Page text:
JPMorgan, one of the largest investment banks in the world, mentioned in a note that the $130,000 theoretical Bitcoin price target should be considered a long-term target. The world’s largest cryptocurrency is currently trading near $58,000 with a market cap of more than $1.08 trillion.
According to the research note, the recent decline in Bitcoin’s volatility is attracting institutional investors. The bank highlighted that the price of BTC at $130,000 would match the total private sector investment in gold.
Nikolaos Panigirtzoglou, a strategist at JPMorgan, published a research note in February 2021 and mentioned that Bitcoin’s volatility is a massive issue for large organizations. The bank previously issued a long-term price target of $146,000 for Bitcoin.
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In the latest note, JPMorgan said that the bank’s long-term price target of $130,000 for Bitcoin is predicated on the idea that BTC’s volatility will converge with gold.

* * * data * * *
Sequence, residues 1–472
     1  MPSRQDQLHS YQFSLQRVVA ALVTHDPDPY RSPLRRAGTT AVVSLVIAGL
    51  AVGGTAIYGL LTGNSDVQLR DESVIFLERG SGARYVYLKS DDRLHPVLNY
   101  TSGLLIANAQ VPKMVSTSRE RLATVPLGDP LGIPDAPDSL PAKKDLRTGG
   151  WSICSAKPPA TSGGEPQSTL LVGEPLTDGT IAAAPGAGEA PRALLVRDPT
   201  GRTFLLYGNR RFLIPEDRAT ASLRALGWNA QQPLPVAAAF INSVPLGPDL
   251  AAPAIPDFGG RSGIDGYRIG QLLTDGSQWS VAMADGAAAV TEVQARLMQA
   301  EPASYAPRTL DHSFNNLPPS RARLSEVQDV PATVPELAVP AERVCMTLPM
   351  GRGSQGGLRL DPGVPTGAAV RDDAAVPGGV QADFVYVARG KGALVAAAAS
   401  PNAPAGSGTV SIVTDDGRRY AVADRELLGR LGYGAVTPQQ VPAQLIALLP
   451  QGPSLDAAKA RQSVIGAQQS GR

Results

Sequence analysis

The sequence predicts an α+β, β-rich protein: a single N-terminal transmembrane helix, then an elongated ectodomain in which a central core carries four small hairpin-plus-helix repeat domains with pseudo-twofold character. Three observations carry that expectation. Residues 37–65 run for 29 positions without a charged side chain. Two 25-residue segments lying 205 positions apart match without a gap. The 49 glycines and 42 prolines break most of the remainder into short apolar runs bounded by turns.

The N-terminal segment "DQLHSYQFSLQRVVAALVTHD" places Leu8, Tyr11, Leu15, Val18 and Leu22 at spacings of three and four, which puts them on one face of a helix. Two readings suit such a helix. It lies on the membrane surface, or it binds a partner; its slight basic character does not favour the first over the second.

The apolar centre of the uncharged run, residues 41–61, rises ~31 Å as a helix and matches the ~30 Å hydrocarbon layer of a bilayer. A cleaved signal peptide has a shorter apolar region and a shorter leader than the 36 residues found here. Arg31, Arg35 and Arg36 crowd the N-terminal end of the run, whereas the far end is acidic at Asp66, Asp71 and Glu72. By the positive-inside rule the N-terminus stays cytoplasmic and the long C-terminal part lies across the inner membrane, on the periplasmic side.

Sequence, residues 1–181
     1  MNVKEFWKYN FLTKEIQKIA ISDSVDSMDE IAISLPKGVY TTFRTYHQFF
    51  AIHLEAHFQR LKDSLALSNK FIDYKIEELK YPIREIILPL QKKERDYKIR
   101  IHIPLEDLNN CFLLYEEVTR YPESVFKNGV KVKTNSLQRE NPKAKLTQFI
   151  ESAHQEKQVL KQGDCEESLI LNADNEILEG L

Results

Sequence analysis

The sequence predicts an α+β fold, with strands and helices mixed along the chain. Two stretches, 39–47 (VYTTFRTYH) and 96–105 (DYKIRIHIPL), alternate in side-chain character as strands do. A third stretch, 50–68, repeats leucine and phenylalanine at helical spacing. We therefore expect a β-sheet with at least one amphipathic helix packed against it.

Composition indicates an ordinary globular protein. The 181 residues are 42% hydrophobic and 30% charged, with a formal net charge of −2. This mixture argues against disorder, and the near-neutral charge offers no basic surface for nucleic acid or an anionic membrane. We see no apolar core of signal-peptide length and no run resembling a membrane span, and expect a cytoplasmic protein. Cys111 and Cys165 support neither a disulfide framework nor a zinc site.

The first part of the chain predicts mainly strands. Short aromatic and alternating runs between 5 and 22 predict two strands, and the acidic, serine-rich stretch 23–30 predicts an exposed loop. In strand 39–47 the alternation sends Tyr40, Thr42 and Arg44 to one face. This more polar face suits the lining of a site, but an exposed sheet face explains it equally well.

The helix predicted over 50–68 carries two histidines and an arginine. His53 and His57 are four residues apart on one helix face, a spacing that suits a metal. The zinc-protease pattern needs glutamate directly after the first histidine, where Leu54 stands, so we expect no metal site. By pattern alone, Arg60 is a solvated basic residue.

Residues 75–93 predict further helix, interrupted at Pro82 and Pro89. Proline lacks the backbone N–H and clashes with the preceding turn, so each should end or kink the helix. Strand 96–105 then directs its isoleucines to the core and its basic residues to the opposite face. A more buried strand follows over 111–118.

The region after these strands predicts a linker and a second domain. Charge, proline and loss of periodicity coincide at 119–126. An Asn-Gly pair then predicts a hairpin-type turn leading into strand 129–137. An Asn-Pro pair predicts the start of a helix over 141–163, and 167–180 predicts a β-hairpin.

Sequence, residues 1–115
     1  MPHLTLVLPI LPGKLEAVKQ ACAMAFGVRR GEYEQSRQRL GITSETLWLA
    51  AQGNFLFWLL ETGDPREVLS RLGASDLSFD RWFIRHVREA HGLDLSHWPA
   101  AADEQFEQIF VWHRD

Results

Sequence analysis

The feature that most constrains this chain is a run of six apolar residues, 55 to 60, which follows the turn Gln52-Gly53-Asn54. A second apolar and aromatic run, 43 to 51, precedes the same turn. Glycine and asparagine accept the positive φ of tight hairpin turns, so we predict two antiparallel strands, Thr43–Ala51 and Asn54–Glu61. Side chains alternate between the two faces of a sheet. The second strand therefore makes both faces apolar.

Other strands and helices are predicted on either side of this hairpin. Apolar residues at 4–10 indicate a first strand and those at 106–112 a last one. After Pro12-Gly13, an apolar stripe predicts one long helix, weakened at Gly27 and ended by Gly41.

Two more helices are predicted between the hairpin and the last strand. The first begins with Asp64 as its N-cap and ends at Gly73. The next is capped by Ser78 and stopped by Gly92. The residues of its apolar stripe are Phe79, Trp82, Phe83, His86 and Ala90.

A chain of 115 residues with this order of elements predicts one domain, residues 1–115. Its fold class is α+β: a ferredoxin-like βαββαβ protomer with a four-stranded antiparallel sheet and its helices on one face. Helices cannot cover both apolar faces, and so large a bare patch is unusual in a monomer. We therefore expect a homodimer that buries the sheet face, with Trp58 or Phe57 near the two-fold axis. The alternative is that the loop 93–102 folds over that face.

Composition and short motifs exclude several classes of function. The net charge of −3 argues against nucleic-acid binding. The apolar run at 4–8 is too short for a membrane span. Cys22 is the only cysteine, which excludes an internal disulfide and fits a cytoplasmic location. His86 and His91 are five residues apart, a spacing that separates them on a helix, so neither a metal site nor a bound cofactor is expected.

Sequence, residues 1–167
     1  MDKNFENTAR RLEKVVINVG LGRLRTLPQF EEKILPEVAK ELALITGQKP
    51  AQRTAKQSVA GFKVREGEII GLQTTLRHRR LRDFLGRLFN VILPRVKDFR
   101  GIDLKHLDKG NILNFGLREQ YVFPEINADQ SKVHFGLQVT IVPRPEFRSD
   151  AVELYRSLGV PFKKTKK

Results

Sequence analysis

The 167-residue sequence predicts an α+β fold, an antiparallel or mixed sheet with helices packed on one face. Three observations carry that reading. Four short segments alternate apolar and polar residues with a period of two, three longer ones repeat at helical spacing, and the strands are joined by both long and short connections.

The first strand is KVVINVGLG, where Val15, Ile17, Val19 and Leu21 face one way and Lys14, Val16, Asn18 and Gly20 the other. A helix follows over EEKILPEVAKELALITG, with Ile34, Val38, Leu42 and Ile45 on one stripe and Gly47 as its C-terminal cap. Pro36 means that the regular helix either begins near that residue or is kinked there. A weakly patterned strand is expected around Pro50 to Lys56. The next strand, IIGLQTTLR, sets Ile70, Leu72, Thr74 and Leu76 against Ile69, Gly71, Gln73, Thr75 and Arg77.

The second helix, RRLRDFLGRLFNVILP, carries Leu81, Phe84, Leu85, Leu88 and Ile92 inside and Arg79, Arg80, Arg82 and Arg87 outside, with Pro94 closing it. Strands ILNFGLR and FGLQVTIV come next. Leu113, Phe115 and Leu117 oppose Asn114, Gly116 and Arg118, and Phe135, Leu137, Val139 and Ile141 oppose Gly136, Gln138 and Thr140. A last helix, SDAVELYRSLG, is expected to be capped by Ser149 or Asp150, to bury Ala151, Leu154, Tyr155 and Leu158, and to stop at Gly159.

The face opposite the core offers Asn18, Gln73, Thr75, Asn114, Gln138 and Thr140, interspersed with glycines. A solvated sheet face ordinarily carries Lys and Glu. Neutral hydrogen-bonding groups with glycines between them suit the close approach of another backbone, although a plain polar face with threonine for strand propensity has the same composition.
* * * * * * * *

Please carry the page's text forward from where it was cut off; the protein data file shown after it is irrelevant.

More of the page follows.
“Considering how big the financial investment into gold is, any such crowding out of gold as an alternative currency implies big upside for Bitcoin over the long term. A convergence in volatilities between bitcoin and gold is unlikely to happen quickly and is likely a multi-year process. This implies that the above $130,000 theoretical BTC price target should be considered as a long-term target,” JPMorgan mentioned in the note.
Bitcoin and Gold
Institutional investors around the world have started considering Bitcoin as an alternative to gold. Despite the reason that BTC’s market cap is relatively smaller than gold, consistent outflows were reported in gold-related investment products during the last few months, and strong inflows were reported in the world’s largest digital currency over the same period. Bitcoin recently crossed the 10% market cap of mined gold.
In a Redditt post, Ray Dalio, an American Hedge Fund Manager and Founder of Bridgewater Associates, said that Bitcoin and other digital currencies have established themselves as interesting gold-like asset alternatives in the last 10 years.